GPUOpen introduces a change in attitude and direction with their Linux driver development. There’s currently an open-source Radeon Driver and a closed-source Catalyst driver, with the Catalyst based driver having the best overall performance for any application that wants to make use of the architecture for anything more than displaying the desktop. Both options were actually quite bad when it came to gaming performance and even trying to get some HPC applications to run was sometimes an exercise in patience that just shouldn’t have to be.

AMD will have a new open-source driver going forward, called AMDGPU. This driver stack is a complete rework of the entire driver that consolidates all of the good things that have been seen in the current split driver objective. The new driver, AMDGPU be included in the Linux kernel itself for easy portability to different distros. You’ll also be able to run applications headless, something that wasn’t possible before.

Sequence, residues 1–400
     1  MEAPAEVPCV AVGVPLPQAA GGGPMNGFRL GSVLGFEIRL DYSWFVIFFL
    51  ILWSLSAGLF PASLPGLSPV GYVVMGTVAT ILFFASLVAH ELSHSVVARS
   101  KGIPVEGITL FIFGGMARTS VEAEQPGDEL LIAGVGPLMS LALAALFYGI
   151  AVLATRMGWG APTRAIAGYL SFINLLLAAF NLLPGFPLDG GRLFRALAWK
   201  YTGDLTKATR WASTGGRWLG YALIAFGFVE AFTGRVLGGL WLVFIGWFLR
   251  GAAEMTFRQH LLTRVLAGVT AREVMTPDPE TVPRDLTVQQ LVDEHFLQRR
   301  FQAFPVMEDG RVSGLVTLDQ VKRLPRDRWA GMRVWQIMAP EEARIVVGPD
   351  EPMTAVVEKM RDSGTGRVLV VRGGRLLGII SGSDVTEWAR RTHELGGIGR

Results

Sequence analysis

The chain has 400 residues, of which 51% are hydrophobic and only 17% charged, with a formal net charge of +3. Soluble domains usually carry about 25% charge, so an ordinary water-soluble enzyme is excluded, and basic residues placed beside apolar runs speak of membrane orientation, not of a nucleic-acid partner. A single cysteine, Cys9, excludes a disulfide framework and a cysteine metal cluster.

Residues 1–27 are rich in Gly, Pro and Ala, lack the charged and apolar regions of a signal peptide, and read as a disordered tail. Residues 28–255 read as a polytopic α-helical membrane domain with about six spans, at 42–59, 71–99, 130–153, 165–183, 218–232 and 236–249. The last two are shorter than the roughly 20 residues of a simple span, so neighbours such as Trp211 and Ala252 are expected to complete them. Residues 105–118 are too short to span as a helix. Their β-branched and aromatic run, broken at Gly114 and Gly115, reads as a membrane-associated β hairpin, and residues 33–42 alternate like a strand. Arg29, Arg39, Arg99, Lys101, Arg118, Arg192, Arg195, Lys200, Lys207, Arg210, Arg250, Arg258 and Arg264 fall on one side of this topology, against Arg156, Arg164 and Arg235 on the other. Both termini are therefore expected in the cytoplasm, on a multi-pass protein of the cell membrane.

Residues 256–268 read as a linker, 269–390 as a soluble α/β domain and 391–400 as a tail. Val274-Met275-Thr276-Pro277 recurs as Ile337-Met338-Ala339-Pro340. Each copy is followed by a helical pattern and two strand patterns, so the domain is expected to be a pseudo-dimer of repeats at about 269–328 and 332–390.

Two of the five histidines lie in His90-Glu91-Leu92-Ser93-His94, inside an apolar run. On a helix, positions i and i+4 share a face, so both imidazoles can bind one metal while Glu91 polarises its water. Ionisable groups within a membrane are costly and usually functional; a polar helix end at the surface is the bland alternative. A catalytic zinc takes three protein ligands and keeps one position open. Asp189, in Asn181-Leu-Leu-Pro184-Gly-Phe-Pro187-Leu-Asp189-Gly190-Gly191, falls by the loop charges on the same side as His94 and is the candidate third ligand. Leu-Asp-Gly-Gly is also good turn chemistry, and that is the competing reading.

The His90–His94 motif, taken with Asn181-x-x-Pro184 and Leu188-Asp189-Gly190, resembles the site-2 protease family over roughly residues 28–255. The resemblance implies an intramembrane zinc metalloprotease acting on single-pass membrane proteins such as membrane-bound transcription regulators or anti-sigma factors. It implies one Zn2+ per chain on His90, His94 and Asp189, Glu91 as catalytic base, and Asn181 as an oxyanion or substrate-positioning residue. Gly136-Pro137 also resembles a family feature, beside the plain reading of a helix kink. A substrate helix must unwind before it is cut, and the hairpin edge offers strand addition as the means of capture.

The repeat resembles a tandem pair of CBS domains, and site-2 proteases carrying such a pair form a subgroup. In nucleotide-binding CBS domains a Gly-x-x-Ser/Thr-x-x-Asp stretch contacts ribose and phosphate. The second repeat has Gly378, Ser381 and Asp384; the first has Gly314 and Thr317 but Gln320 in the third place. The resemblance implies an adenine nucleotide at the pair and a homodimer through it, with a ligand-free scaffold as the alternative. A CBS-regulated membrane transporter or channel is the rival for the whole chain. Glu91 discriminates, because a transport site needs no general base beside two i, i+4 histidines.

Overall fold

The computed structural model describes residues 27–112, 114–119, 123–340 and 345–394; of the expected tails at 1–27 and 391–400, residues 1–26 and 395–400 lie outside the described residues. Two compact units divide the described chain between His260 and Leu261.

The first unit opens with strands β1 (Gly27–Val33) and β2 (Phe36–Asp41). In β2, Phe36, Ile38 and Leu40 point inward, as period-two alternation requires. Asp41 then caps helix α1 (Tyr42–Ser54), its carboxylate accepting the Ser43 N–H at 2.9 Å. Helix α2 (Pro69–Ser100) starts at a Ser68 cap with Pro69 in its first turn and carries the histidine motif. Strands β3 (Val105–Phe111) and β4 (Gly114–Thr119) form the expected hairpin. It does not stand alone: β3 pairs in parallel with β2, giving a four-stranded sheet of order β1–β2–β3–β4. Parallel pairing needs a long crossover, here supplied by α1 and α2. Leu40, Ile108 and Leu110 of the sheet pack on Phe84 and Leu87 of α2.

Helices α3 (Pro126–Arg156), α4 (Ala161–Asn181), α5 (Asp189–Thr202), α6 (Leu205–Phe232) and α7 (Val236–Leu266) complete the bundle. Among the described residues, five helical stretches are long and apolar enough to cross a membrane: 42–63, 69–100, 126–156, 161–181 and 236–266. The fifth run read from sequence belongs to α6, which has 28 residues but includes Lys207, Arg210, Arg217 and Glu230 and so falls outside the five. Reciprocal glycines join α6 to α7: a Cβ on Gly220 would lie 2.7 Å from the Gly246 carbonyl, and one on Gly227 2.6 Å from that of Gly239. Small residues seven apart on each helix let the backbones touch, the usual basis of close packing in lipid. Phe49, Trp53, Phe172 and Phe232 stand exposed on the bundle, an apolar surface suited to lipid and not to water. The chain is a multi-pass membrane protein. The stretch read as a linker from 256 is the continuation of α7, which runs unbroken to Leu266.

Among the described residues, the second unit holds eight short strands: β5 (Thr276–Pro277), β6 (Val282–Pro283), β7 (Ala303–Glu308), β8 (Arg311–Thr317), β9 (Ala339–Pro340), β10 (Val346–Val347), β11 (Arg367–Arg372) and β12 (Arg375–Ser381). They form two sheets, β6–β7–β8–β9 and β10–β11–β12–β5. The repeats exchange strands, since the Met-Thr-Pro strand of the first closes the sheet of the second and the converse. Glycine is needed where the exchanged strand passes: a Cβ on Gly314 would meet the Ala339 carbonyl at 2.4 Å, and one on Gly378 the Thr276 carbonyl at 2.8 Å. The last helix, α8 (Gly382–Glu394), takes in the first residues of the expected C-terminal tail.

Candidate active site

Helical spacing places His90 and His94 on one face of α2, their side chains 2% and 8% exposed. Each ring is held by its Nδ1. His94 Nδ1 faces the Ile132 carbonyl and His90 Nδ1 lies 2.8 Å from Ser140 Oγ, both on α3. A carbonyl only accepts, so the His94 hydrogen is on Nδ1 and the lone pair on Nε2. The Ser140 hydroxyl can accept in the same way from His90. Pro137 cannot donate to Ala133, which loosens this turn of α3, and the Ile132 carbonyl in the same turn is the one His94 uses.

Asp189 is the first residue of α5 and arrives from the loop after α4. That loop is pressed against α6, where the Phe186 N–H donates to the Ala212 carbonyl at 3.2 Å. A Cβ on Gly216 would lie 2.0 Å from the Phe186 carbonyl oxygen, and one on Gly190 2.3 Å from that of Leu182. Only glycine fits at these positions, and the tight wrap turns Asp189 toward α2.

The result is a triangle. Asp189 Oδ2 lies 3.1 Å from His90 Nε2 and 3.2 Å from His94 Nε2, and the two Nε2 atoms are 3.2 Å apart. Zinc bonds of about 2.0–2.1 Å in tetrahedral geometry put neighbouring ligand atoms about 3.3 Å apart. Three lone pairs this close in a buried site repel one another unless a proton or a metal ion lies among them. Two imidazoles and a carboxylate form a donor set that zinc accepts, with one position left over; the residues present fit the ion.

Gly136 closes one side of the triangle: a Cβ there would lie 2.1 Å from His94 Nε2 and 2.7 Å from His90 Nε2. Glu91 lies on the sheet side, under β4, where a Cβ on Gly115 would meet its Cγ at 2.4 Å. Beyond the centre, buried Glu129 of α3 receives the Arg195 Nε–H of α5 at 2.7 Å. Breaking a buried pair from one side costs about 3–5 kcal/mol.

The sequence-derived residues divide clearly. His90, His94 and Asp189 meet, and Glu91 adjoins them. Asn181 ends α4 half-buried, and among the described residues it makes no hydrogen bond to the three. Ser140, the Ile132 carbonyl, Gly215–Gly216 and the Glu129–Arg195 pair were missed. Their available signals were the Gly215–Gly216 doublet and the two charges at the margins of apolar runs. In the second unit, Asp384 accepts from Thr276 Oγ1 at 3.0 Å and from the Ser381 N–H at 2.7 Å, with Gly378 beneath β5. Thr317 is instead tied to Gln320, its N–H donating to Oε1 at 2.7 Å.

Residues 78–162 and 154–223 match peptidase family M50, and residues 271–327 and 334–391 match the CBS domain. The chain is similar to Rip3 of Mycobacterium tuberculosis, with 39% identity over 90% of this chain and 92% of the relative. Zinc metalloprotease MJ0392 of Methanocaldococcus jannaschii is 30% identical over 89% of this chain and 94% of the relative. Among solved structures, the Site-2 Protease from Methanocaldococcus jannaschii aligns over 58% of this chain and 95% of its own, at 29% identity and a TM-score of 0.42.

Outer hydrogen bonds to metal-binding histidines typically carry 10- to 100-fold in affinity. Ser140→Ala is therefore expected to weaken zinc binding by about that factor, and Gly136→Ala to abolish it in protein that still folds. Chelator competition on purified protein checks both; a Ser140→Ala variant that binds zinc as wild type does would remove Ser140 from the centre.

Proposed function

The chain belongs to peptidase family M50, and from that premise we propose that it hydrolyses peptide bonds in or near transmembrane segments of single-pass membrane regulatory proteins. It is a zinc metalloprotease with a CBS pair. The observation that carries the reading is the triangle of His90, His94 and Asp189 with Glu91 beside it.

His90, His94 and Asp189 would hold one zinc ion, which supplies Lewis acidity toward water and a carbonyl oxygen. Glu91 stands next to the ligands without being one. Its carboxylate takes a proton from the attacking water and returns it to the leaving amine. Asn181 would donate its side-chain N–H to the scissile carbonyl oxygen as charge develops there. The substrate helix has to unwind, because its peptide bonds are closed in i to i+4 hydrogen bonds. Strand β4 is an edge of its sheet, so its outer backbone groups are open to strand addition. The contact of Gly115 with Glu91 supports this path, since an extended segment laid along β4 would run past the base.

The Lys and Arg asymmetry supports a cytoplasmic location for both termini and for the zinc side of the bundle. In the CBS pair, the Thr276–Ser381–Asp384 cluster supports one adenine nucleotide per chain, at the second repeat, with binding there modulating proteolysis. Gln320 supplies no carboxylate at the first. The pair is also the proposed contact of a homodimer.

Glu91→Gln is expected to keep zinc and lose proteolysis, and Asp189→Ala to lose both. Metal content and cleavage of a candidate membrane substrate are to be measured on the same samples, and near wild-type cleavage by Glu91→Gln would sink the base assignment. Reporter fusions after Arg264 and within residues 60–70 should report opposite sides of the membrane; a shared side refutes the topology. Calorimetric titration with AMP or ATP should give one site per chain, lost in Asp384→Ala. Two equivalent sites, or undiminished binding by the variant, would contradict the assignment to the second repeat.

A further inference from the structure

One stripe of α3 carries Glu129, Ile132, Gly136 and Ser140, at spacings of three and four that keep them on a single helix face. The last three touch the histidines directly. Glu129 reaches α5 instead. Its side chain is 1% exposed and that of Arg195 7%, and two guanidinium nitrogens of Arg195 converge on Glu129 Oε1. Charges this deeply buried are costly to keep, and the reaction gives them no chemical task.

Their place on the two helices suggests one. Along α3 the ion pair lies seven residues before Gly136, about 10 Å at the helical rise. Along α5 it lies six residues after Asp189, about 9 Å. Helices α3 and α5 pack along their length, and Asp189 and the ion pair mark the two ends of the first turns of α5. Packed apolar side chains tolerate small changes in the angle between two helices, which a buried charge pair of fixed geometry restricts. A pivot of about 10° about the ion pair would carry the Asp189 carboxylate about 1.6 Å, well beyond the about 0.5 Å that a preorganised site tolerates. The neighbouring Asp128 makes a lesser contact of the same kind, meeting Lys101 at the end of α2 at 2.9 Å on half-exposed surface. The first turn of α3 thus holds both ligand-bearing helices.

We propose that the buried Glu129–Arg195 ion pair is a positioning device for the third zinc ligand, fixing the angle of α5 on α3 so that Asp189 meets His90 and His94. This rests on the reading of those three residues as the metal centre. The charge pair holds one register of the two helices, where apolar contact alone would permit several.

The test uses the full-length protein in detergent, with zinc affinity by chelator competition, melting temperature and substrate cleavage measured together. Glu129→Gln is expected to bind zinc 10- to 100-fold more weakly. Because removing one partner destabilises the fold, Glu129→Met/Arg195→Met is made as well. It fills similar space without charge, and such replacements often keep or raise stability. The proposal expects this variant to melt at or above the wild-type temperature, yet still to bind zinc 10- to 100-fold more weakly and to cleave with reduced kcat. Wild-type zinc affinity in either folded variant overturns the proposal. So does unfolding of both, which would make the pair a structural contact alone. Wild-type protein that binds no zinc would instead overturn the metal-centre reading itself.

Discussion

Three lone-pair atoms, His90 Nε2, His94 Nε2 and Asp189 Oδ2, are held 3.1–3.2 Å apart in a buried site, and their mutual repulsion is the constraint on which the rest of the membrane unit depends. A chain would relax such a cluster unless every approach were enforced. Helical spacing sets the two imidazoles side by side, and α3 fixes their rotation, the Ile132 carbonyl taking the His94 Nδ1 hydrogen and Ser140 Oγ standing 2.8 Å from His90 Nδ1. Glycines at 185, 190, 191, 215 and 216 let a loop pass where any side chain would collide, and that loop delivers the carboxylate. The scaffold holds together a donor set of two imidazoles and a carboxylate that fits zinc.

This is a far more serious approach to Linux, probably spurred by two segments of the market that are under-served by them at the moment. Linux is the platform of choice for large-scale compute projects. Not having an efficient driver that actually handle the kinds of tasks that the market needs and wants pushes away those potential customers to the competition, which has a fairly stable Linux presence. The Steam Machine and SteamOS have also made Linux an actual viable option for gamers, both experienced with the platform and not. It only makes sense that if they want Radeon GPU’s to be competitive in that space to actually start supporting it properly. And now they are.


AMD’s new initiative is a welcome change and a refocus on the open-source. That’s where people get the warm and fuzzy and feel good about computing. We enjoy having choices, whether or not we admit it all the time. Sometimes, for a developer, we need to be able choose how we approach, and have control over that entire process. AMD is supporting the open-source community by giving out the tools and SDK’s for free, letting anyone and everyone with the time, inclination and knowledge to play as is necessary.

For gaming this means better and more efficient effects that aren’t simply dropped into the code-base. This is how it should be done, letting developers have access where they need it in order to succeed.

Be sure to check out a fantastic look at GPUOpen by our very own Khalid, who talks about the importance of open-source in game development.